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Gateway hosts popular, annual health and wellness fair with Boys & Girls Club of Kenosha

Wellness Event participant

Gateway Technical College believes in giving back to the community as well as providing its students an opportunity to apply what they have learned in the classroom to help others.

Several School of Health programs have done this for nearly two decades through the health and wellness fair – a partnership with the Boys & Girls Club of Kenosha – where children visit the college to learn more about healthy habits and the careers they may want to enter someday.

This year’s event, held Feb. 10 on the Kenosha Campus, featured Gateway students from Dental Assistant, Nursing, Physical Therapist Assistant, Barber Technologist and Cosmetology programs working with Boys & Girls Club children to learn about healthy habits.

“They are learning about whole health and wellness in a fun environment,” says Dental Assistant program director and longtime Wellness Event organizer Heidi Gottfried. “For example, they learn how to properly brush and floss their teeth and make good nutritional choices.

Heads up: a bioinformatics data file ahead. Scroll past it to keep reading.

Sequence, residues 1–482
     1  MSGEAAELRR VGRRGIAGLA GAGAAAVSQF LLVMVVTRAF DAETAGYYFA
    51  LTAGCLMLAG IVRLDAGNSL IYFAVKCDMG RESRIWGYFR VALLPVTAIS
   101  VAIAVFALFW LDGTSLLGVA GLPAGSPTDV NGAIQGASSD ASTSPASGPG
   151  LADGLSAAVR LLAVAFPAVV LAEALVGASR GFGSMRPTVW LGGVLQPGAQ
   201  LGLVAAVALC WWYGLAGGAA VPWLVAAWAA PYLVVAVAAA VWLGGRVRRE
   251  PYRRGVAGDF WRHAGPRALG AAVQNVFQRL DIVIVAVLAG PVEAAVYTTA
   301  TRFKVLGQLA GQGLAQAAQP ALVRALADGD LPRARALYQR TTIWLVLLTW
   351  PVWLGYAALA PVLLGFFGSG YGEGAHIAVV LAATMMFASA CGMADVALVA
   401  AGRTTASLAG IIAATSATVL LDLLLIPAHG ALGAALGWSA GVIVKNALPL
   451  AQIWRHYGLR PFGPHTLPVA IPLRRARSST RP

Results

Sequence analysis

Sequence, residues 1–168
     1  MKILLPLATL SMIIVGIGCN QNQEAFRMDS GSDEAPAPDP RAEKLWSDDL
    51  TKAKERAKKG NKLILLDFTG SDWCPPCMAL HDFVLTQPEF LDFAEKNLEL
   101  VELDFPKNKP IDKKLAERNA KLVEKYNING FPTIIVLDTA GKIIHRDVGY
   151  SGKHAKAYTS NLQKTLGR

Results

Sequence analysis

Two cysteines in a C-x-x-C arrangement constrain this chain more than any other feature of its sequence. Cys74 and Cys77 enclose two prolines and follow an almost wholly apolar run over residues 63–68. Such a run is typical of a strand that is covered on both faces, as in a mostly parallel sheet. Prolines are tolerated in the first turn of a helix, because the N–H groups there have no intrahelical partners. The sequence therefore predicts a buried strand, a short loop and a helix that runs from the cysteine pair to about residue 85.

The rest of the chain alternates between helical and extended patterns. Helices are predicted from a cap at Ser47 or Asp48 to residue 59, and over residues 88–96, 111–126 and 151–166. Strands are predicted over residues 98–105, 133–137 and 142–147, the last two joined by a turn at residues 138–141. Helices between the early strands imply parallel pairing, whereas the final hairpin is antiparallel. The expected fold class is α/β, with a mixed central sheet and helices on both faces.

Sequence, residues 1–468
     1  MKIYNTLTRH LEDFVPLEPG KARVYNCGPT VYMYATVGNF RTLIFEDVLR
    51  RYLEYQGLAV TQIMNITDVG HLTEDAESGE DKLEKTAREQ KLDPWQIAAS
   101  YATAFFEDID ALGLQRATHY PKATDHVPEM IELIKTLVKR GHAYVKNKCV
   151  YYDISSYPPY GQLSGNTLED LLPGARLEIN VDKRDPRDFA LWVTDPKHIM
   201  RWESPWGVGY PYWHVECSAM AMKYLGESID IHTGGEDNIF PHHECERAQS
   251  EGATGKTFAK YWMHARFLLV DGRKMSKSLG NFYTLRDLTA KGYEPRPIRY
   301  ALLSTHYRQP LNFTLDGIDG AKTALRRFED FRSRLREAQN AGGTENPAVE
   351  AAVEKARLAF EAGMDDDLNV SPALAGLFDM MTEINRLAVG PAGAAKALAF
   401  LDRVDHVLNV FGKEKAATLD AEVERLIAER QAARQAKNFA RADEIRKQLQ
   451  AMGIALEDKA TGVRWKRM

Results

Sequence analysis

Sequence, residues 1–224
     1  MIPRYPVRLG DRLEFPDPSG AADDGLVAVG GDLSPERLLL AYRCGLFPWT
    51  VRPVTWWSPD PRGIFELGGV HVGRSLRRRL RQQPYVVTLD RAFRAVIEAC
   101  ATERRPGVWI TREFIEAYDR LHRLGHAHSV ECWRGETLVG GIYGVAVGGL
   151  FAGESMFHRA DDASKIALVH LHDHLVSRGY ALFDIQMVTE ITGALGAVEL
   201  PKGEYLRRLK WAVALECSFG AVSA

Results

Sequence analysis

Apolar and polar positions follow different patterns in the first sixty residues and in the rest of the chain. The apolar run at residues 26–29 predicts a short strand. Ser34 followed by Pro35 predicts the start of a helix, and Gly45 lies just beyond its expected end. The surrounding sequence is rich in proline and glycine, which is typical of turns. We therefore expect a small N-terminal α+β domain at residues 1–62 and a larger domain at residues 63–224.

“I hope they gain a greater sense of health and wellness by coming to this event. They are also getting a free oral exam which is relayed back to the parents.”

Racine Dental Group dentists Brian Waldau and David Kemper volunteered their time to work with Gateway Dental Assistant students to provide the oral exam in the college’s Dental lab. Some children also received a fluoride varnish for their teeth if prescribed by one of the dentists.

Students at this year’s event also learned about healthy handwashing techniques from nursing students, had their nails painted with Barber/Cosmetology students and participated in an obstacle course with Physical Therapist Assistant students, among other activities.

Gottfried said the event, held for the past 18 years, benefits Gateway students in a number of ways. It gives them an opportunity to give back to the community as well as another way to use the skills they’ve gained in the classroom on actual patients.

“There are times in their clinical rotations that Gateway students are unable to work with children,” she said. “They might see one or two, but not a lot. This allows them to work with children in a fast-paced environment.”

There are typically 120 Boys & Girls Club kids that attend this event, although there were 45 this year.

Photos of the event: